Yesterday’s software upgrade of the #2 SIGI (space integrated GPS/inertial navigation system) with R2 firmware (GPS2) was aborted due to a problem with transferring the firmware from the 760XD laptop that had been loaded with it the day before.  The SIGI-2 upload will be attempted again on 11/11.  Until then, with SIGI-1 and Russian sources remaining available, current impact is a temporary loss of redundancy for state and attitude determination.  SIGI-1 firmware load is scheduled for 11/16  [Cause of the abort was a misconfiguration of the 760XD’s comm ports due to different BIOS versions of the onboard SSCs (station support computers) and the ground SSC used to develop the procedure.  The latter’s BIOS is now being updated.]

TsUP/Moscow reported that deactivation of a fire warning sensor (smoke detector #2) in the DC1 docking module for servicing was misinterpreted by the monitoring algorithm as a sensor failure.  This is not critical, and a planned upgrade will correct this software glitch.

Yesterday morning, an RPCM (remote power controller module) in the Lab (LA1B-G) popped a “health” flag for one of its blocks.  The bit flip was identified as part of the cyclic redundancy check code on the SRAM (static random access memory).  The event, which was the first occurrence for this RPCM, is under investigation by specialists.   [RPCM bit flips used to occur often in the past, requiring frequent refreshing of their EEPROM (electronically erasable programmable memory) chips, until the new procedure of “prefreshing” (preventive refreshing) was introduced some time ago.  LA1B-G had been prefreshed successfully ~14 days ago.]

Next week the SSRMS (Space Station Remote Manipulator System) will be used for an outside inspection of what appears to be a “dent” in the Lab module’s exterior surface, specifically in the MM/OD (micrometeoroid/orbital debris) shielding surrounding the pressure shell.   [The shielding, made of an aluminum alloy, is designed to absorb the initial impact of MM/OD, slowing it down while breaking it into small fragments before it hits the pressure shell.  The shielding is 0.13 cm (0.05 in.) thick and is separated from the pressure shell by a 10.2-cm (4-in.) gap.]

MCC-Houston is preparing to conduct a “long sim” (simulation) of Mission LF-1 next week on 11/16 & 11/17.   [Mission LF-1 (STS-114) is currently scheduled to launch no earlier than during the May 2005 launch window aboard Shuttle Discovery, carrying a seven-person crew for a mission duration of 12 days (+2 for orbiter & weather contingencies), with 7 docked days for ISS assembly, activation, and checkout activities.  Primary cargo will be an MPLM (multipurpose logistics module), an LMC (lightweight multipurpose experiment structure {MPESS} carrier) with a new CMG (control moment gyroscope), the ESP-2 (external stowage platform 2) and two APCUs (assembly power converter units).]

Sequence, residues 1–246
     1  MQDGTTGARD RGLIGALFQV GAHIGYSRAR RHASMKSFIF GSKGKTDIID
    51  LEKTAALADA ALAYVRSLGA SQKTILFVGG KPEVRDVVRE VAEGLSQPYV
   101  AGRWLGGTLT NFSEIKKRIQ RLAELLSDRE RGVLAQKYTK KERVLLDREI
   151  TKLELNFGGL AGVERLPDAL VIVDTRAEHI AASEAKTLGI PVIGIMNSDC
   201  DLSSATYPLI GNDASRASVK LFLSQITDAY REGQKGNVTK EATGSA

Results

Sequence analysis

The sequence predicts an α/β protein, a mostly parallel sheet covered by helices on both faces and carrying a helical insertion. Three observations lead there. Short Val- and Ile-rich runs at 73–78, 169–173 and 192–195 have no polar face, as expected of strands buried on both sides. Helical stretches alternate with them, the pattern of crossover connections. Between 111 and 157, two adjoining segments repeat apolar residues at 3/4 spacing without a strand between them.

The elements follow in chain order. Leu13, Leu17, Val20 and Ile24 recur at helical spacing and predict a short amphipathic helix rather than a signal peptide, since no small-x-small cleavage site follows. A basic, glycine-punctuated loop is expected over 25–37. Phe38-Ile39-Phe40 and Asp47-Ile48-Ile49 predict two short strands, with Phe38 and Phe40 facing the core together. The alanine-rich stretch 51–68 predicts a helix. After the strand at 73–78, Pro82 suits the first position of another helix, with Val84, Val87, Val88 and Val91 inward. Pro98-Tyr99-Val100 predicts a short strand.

Upcoming Key Events:  Current station attitude of sun-pointing XPOP (x-axis perpendicular to orbit plane) will be maintained until 11/16.  Station reboost will then follow on 11/17 (backup opportunity 11/18).  The Soyuz relocation is scheduled for 11/29 (no earlier than), preceded by a hot-fire test of its thrusters.]

Today’s CEO photo targets, limited in the current XPOP attitude by flight rule constraints on the use of the science window (not applicable to other windows), which is available for only ~1/4 of each orbit when not facing forward (in ram), were Perth, Australia (this overpass provided a chance for oblique photography of this urban center.  Images of the urban/rural boundary are of particular interest for mapping of land cover and land use conversion patterns), Lower Amazon River Basin, S. America (general mapping of the small islands and channels comprising the Amazon estuarine system are useful indicators of change in river dynamics. Looking to the right of track for the Amazon River mouth), and Patagonian Glaciers, S. America (this overpass presented an opportunity for familiarization with this glaciated region.  Frequent imaging of the ice fields and individual glaciers allows for monitoring of changes in ice extent.  This is useful as an indicator of climate change in the region. Looking to the left of track along the South American coastline for the glaciated mountains.)

CEO images can be viewed at these websites:

See also the website “Space Station Challenge” at:

To view the latest photos taken by the expedition 10 crew visit:

Expedition 10 Flight Crew Plans can be found at

Previous NASA ISS On-orbit Status Reports can be found here. Previous NASA Space Station Status Reports can be found here. Previous NASA Space Shuttle Processing Status Reports can be found here. A collection of all of these reports and other materials relating to Return to Flight for the Space Shuttle fleet can be found here.

ISS Location NOW

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Real Time ISS TrackerMore Links

ISS Orbit  (as of this morning, 6:37am EST [= epoch]):

  • Mean altitude — 358.1 km
  • Apogee height — 364.0 km
  • Perigee height — 352.3 km
  • Period — 91.70 min.
  • Inclination (to Equator) — 51.64 deg
  • Eccentricity — 0.0008684
  • Solar Beta Angle — 32.8 deg (magnitude increasing)
  • Orbits per 24-hr. day — 15.70
  • Mean altitude loss in last 24 hours — 135 m
  • Revolutions since FGB/Zarya launch (Nov. 98) — 34036


ISS Altitude History

Apogee height Mean AltitudePerigee height

ISS Altitude History

For more on ISS orbit and worldwide ISS naked-eye visibility dates/times, see In addition, information on International Space Station sighting opportunities can be found at on NASA’s Human Spaceflight website. The current location of the International Space Station can be found at at NASA’s Marshall Space Flight Center. Additional satellite tracking resources can be found at

SpaceRef staff editor.